Laurie Barkman:
That’s a really good insight. That’s a really good insight. Yeah, people want to know who you are, what makes you tick, what makes you interesting, and then what insights you have follows after that, right building that trust. Starting to think about now for the audience and people listening. If they are, as you describe a digital business, their revenues are growing, but perhaps they’re thinking about making a switch, what would be the benefit of finding your newsletter? How will that help them and how should they get in touch with you if they’re interested in learning more?

Alexis Grant:
For sure. I mean, our newsletter is at theygotacquired.com/newsletter. The earlier you can start reading this stuff and thinking about it, the better because even if you’re not ready to sell right now, and a lot of our audience isn’t ready to sell right now but they’re thinking about building with this in mind. I mean, there’s a great book that a lot of you have referenced called Built to Sell and it has a lot of the same ideas where you’re thinking ahead of time about what you can do to make this into a business that’s sellable. As we mentioned, a lot of the things that you would do to make a business sellable are also the things that make a business great to run for you right now. It’s profitable, it’s not reliant entirely on you and your time. You’re organized with your finances, so all the things that you want to do to set up to sell. They also serve you at this moment. I absolutely think understanding this stuff now and starting to read and absorb the stories of other people who are doing it is also inspiring because it helps you understand what’s possible, and gives you a Northstar to shoot for.

Laurie Barkman:
I’ll give a couple of plugs. One is for the author that you just mentioned John Warrillow, Built to Sell, and a couple other books that they call the Built to Sell trilogy and he’s the founder of the v
Value Builder System. He was also on my show and he’s written a testimonial for my book, which is called The Business Transition Handbook and everything that we’ve been talking about today about what are some of the pitfalls? How do you grow your business, what creates value? There’s a lot of great resources out there. Certainly, John’s book, mine if people are interested in taking a read, that’s what our mission is, collectively.

People like us want to help entrepreneurs be successful. You can’t build your business on your own, you’re not going to build it on your own so why would you look to transition and on your own, you might need some, some others to surround yourself with. Whether it’s virtually or literally, but of course, for me as an advisor I’m always an advocate for bringing those people into the fold when you can but there’s some great tools out there.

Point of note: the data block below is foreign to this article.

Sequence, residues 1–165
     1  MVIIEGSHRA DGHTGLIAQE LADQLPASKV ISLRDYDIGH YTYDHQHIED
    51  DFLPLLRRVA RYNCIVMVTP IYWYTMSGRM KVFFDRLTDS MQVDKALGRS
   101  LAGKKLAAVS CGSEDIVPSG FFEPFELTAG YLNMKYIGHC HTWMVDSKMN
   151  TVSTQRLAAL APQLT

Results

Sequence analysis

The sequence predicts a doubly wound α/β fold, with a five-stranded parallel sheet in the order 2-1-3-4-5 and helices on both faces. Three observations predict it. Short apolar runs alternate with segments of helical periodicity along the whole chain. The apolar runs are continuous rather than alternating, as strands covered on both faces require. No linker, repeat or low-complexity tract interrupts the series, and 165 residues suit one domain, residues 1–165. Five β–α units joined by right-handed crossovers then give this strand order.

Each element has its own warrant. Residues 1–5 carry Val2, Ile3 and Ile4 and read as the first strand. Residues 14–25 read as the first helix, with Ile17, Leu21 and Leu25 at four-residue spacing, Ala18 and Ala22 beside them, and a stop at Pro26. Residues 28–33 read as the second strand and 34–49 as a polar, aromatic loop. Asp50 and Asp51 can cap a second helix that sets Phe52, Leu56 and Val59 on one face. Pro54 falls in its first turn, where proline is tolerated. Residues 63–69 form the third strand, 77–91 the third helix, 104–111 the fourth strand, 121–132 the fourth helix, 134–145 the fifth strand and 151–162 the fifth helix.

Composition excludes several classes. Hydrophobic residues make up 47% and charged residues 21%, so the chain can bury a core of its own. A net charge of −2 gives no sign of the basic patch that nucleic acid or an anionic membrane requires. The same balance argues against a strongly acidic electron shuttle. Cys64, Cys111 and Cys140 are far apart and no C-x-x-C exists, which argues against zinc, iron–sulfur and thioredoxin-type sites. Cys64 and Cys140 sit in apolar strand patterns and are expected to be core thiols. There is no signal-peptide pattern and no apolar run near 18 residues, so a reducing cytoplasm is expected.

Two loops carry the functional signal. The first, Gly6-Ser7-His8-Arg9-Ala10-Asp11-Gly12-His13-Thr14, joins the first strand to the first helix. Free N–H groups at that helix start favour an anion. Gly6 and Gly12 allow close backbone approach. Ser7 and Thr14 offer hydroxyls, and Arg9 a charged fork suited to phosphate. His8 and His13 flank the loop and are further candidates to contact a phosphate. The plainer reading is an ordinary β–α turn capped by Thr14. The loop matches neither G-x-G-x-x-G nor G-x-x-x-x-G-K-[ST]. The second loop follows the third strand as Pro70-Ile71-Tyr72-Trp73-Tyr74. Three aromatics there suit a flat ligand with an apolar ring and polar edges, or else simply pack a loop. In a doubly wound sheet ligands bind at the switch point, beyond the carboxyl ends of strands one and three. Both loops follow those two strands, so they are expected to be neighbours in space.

It’s been great to talk with you today, Lexi. I guess any closing thoughts? One of the things I usually ask everybody is if they have a favorite quote, and I forgot to prep you with that, so I don’t want to catch you off guard. Do you have a favorite quote ready?

Alexis Grant:
I’m gonna quote a friend of mine. Her name’s Sarah Peck, and she runs a community called Startup Parent. It’s a great newsletter, but she also has a mastermind and several different offerings in there but she always says, “We don’t have to do things the way they’ve always been done,” and I always tell myself that because it’s both a relief and it’s a reminder it’s a relief when you see things done a certain way and feel like, “Oh, if I can’t do it that way, then I can’t do it at all,” which isn’t true and it’s a good reminder to think outside the box, and there’s always an option C to consider.

Laurie Barkman:
Absolutely. Lexi, thank you so much for being with me on the show today, and I’m sure we will continue the conversation.

Alexis Grant:
Yeah, thanks. This was fun.

Laurie Barkman:
To the listeners, thank you so much. Be sure to follow Succession Stories on your favorite podcast player or YouTube. To maximize the value of your business and plan for future transition, reach out to me for a complimentary assessment at meetlauriebarkman.com. Join me next time for more insights from transition to transaction. Until then…here’s to your success.